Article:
On August 22, 1945, five airline stewardesses, as they were then called, formed the Air Line Stewardesses Association, wanting a labor union to give them a voice on a demanding, difficult job where they faced constant pressure about their bodies, poor working conditions, low pay, and restrictions on marriage status and age.
The position of flight attendant began on May 15, 1930, when a woman named Ellen Church worked at what was then known as a “skygirl.” Women worked very hard, but had to look glamorous while doing it. They spent hours on their feet, dealt with drunk passengers, bent and reached and stooped over. A pedometer worn by one stewardess on a 1948 flight from Chicago to Miami showed she walked eight miles during the flight. The career itself wasn’t glamorous—but it had to look glamorous to the passengers. Rather than train the hostesses, airlines required them to pay for their own training with private services, at least one flight attendant paid $325 to a private school for stewardess training in Kansas City in 1948.
The sexualized nature of this work meant that woman had to uphold physical standards so that the ancestors of fictional Don Draper could enjoy their flight. There were strict requirements around height, weight, and appearance. The woman had to remain single. Moreover, there was a forced retirement on your 32nd birthday. In other words, airlines used young women to sell sexual allure to male customers, who were then expected to choose conventional lifestyles and marry. The 1951 film Three Guys Named Mike followed a flight attendant played by Jane Wyman around her adventures of love and travel until she settled down with one of the Mikes, a small-town science professor where she could perform traditional duties of domesticity.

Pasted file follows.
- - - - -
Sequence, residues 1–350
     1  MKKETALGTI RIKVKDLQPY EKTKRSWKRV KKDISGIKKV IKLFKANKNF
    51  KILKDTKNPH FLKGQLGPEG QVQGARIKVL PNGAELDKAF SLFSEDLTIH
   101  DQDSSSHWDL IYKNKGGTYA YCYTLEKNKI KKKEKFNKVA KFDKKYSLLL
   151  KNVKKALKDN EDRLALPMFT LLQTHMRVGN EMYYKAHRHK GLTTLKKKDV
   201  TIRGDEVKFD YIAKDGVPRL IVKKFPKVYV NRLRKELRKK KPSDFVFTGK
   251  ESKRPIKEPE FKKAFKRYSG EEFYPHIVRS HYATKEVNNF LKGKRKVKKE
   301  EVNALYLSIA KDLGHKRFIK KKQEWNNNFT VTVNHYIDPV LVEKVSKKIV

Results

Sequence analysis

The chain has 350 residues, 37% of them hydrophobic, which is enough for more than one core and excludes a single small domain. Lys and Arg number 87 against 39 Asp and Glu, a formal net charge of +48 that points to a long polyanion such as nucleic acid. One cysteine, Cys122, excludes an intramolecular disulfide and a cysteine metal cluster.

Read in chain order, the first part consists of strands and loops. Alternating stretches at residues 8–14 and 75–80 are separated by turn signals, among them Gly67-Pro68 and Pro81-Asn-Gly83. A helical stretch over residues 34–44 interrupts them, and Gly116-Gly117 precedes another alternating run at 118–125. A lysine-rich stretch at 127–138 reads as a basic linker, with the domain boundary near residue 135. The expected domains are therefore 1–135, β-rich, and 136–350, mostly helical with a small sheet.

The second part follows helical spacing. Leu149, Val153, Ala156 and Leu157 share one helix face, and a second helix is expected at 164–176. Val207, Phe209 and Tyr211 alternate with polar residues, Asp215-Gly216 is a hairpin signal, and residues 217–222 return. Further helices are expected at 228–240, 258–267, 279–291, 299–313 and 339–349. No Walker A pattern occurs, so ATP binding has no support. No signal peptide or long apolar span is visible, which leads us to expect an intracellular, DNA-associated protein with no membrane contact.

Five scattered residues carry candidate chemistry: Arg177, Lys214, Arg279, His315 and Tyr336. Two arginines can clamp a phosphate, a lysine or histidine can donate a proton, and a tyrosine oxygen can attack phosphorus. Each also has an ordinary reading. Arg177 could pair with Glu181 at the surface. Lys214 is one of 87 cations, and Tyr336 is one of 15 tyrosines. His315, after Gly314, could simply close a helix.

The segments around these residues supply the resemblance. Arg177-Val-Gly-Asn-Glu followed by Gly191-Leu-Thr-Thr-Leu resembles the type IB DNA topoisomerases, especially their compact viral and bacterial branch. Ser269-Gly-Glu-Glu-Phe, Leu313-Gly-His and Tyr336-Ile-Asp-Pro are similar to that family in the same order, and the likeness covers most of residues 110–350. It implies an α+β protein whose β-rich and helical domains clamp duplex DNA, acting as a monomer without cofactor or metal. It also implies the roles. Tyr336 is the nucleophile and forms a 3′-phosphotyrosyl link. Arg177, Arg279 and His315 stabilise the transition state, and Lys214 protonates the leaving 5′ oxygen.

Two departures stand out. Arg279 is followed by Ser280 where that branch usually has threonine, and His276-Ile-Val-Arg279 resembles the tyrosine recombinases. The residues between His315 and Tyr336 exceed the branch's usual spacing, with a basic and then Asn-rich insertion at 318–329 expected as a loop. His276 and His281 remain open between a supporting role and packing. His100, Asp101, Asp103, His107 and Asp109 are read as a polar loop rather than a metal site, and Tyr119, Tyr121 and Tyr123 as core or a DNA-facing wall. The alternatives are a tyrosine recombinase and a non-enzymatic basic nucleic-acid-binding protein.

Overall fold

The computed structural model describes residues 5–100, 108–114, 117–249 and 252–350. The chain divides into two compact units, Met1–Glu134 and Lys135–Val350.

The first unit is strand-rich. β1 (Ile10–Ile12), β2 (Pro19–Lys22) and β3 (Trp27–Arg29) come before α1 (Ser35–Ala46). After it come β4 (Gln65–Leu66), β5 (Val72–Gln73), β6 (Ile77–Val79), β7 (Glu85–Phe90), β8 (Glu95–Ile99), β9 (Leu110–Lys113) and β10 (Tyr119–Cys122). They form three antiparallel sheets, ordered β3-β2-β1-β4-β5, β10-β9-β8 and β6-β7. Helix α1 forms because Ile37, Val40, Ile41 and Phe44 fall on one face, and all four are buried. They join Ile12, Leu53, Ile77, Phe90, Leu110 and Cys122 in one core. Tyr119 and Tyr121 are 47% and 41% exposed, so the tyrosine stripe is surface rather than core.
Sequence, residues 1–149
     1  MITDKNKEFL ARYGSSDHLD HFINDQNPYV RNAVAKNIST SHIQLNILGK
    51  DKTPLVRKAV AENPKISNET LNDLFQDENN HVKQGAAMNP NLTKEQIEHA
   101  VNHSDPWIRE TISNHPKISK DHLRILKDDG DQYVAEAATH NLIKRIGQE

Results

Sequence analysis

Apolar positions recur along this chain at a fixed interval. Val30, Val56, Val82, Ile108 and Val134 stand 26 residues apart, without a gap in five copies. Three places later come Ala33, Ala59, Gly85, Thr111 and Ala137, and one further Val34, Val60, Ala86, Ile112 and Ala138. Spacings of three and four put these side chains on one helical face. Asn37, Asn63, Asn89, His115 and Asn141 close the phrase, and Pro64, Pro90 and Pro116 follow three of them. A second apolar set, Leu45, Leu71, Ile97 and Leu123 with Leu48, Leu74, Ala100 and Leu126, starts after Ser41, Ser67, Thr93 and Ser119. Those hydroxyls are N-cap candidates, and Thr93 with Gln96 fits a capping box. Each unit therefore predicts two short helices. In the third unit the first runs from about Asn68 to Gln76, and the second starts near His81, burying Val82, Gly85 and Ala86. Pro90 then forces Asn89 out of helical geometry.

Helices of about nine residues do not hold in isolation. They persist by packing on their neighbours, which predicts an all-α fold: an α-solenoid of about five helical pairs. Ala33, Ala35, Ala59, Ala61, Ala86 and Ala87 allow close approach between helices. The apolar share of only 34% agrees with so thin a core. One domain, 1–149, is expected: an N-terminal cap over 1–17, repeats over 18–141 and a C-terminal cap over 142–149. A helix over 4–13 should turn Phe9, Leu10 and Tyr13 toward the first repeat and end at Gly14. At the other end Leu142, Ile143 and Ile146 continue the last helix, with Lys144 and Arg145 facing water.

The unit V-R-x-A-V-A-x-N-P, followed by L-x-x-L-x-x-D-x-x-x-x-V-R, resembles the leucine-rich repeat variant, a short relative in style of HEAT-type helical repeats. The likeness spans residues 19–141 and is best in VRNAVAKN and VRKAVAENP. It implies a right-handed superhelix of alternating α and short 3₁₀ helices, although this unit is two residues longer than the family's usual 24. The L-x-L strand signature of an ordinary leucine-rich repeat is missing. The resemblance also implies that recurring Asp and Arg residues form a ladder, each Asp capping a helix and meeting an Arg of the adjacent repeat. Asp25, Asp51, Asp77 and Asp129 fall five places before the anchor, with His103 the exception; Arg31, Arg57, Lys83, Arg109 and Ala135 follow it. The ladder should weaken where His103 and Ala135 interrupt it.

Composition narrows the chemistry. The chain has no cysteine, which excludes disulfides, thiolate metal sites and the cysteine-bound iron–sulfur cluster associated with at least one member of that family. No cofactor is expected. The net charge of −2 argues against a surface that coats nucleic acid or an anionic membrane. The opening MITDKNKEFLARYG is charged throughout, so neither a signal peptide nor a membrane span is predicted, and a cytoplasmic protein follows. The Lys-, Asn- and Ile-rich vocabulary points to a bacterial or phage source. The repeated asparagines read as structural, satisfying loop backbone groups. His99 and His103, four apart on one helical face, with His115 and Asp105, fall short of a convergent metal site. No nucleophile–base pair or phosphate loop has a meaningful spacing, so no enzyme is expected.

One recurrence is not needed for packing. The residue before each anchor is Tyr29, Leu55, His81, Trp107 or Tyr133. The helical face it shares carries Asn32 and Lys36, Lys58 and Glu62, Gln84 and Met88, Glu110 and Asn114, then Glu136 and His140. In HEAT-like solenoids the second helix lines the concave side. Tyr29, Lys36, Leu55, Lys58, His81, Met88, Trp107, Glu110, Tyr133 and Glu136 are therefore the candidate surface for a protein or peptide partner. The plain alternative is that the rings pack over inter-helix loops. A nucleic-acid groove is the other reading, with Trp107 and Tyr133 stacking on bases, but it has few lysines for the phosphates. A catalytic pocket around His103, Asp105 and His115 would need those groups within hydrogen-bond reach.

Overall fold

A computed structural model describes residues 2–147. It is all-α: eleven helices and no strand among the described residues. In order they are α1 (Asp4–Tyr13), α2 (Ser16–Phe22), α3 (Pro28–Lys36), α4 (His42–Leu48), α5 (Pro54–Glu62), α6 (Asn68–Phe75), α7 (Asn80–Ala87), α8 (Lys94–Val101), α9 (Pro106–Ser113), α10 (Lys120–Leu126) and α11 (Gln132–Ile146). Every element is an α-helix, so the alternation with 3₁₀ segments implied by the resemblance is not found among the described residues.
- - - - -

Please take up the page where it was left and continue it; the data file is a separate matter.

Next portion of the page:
Working conditions could be quite unpleasant. Planes were smaller, slower, and flew at much lower altitudes than today. That meant long turbulent flights with a lot of passengers vomiting from motion sickness. Flight attendants had to manage this, getting thrown around from turbulence and sometimes crawling through vomit. Pay was very low, about $125 a month in 1944, which is the equivalent to $1630 a month today or slightly less than $20,000 a year. Moreover, the pay was weighted on 100 hours of air time, but various duties on the ground raised it to a real 150 hours, meaning 50 effective unpaid hours a month. There were very small numbers of male flight attendants as well, mostly on international flights, but they were losing their hold in the profession by the 1940s and many airlines refused to hire them.
Ada Brown had the idea to start the union. She was United’s chief stewardess and was angry about the airline’s unwillingness to make improvements. She later remembered, “As chief stewardess I tried to get improvements for the girls with salary, flight restrictions, and protection from unjust firing. We were always promised things, but nothing was ever done—except to throw parties for the stewardesses.” She found four friends to join her—Edith Lauterbach, Frances Hall, Sally Thometz, and Sally Watt. Lauterbach joined United in 1944. Like many women, she planned to work for a year, see a bit of the world, and quit. Instead, she became a union activist and fought to stay in the air, even after her age reached 32.